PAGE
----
July 1 was a bad day for Yukos, and perhaps the beginning of the end for the embattled oil company. First, three court bailiffs, accompanied by five guards in camouflage uniforms, arrived at the company’s Moscow headquarters to inform Yukos that it had five days to pay off the $3.4 billion in back taxes and penalties the Tax Ministry says it owes for the year 2000 — a claim that the Moscow Arbitration Court upheld on June 29. According to Yukos spokesman Aleksandr Shadrin, the company offered the bailiffs collateral in the form of the 35% stake in the Sibneft oil company that Yukos acquired as part of merger deal last year that subsequently went sour. According to Shadrin, the bailiffs ignored the proposal. Later on July 1, the bailiffs froze all of Yukos’ accounts held in Russian banks. In response, the company released a statement warning that freezing the bank accounts directly threatened Yukos’ operations and its ability to pay current taxes and honor its commitments to creditors (Gazeta, Interfax, July 1; Moscow Times, Vedomosti, July 2).
The other shoe dropped on Yukos when Russian news agencies reported on July 1 that the Tax Ministry had presented the company with another tax bill totaling 98 billion rubles — again, about $3.4 billion — for back taxes and penalties, this time for the year 2001. A unnamed source within the ministry said that an audit of Yukos’ 2001 tax payments found that the company had illegally concluded deals with front companies it set up in then-existing domestic tax havens like Mordovia, Evenkia, and Kalmykia in order to evade taxes (Interfax, July 1). While Yukos spokesman Shadrin said the Tax Ministry had not notified the company about any new tax bill, press reports about the penalties sent the company’s shares plummeting more than 12% on the Moscow Interbank Currency Exchange (RosBusinessConsulting, July 1).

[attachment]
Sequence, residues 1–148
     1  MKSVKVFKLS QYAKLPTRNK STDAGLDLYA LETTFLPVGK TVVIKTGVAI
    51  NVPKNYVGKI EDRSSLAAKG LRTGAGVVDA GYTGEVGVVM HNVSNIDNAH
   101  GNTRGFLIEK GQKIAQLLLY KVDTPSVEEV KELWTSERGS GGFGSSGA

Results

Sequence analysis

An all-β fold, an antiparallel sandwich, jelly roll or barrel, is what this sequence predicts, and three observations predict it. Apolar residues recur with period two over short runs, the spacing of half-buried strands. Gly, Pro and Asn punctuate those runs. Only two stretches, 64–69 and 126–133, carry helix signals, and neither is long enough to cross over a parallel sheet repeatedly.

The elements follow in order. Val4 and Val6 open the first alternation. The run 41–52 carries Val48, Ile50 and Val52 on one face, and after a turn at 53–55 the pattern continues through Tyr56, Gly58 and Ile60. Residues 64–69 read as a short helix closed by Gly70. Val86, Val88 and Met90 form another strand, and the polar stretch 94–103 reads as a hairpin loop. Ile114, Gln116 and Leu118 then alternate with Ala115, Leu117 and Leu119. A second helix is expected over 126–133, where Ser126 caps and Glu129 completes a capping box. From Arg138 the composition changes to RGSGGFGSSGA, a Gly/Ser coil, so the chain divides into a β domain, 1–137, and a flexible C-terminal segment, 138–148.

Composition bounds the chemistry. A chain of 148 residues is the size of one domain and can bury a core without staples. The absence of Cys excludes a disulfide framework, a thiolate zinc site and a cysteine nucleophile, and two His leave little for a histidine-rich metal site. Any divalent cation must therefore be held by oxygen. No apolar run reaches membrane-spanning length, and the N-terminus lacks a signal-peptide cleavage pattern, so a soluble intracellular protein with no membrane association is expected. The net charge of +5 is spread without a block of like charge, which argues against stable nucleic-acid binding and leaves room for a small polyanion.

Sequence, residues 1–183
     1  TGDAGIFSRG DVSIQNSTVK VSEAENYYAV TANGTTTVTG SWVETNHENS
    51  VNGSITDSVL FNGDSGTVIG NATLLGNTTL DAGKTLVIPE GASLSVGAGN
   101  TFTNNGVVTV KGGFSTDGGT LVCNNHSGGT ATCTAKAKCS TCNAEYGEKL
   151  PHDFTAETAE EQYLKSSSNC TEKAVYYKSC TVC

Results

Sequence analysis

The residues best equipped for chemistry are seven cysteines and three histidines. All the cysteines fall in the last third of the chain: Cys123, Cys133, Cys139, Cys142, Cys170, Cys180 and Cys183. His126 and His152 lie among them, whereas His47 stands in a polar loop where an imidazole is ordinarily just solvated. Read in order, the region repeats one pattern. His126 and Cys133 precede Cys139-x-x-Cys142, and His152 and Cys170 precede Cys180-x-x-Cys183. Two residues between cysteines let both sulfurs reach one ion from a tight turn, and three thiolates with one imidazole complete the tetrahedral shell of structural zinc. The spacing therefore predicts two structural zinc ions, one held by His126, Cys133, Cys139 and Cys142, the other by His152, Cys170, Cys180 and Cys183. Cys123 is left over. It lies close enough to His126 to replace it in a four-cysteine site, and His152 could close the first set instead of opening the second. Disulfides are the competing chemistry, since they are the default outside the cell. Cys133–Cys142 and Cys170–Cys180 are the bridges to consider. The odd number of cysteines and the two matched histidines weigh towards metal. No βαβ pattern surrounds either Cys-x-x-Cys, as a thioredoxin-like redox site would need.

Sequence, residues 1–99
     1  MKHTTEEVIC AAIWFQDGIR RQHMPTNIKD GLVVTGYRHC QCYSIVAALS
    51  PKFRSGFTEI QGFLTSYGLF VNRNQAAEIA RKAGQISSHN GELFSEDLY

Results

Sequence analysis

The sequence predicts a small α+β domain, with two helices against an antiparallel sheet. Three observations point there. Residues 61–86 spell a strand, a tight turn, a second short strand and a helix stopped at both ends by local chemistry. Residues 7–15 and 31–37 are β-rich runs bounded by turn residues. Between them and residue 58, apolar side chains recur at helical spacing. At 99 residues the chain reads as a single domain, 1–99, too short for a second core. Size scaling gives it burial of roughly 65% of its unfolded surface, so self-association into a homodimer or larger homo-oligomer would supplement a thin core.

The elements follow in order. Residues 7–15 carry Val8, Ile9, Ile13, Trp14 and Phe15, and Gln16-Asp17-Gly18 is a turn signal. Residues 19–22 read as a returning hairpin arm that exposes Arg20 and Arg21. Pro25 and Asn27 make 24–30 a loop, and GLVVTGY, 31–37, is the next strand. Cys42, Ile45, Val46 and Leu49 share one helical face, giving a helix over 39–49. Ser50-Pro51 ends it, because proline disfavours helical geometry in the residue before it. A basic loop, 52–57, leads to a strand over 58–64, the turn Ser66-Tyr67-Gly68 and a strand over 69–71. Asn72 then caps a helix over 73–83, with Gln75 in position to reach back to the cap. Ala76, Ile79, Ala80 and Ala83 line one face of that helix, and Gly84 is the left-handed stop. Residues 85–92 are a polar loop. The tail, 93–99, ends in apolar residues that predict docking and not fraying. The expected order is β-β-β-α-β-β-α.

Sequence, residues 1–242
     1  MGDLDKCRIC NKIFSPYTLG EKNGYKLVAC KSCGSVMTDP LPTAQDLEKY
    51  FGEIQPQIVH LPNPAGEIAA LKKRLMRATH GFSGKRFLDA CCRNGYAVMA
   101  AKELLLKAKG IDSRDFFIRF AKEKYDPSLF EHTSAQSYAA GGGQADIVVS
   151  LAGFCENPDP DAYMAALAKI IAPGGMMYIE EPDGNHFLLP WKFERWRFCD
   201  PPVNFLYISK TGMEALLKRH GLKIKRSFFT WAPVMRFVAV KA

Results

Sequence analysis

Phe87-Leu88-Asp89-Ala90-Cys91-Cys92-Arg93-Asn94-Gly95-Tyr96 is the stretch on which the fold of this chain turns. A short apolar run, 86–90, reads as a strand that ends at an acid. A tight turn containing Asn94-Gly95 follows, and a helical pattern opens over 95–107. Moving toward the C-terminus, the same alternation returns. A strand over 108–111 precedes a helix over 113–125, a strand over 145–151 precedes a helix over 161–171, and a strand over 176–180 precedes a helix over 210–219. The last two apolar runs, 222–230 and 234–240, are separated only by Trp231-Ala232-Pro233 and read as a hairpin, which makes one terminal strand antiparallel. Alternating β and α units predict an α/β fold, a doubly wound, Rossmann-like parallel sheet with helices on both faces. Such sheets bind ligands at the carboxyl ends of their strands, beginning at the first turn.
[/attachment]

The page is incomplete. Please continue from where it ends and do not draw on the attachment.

All of this increases the likelihood that Yukos’ international creditors will announce default on $2.6 billion in loans extended to the company — a development that, as the Moscow Times reported, would “almost certainly” lead to the company’s bankruptcy. “A combination of the two tax bills will almost definitely lead to the sale of core assets,” Steven Dashevsky, head of research at Aton Capital, a Moscow-based brokerage, told the newspaper. “Yukos in its current shape and form is not likely to exist” (Moscow Times, July 2). And the latest tax bill may not be the last: a source close to the Tax Ministry told Prime-Tass that the back taxes and penalties Yukos will be asked to pay could total around $10 billion (Prime-Tass, July 1).
Meanwhile, President Vladimir Putin, who said on June 17 that he opposes bankrupting Yukos, met in the Kremlin on July 1 with Russia’s business leaders. Among the topics discussed were administrative reforms, housing construction and mortgages, education, and vocational training. The issue of Yukos was not discussed (Itar-Tass, Interfax, July 1).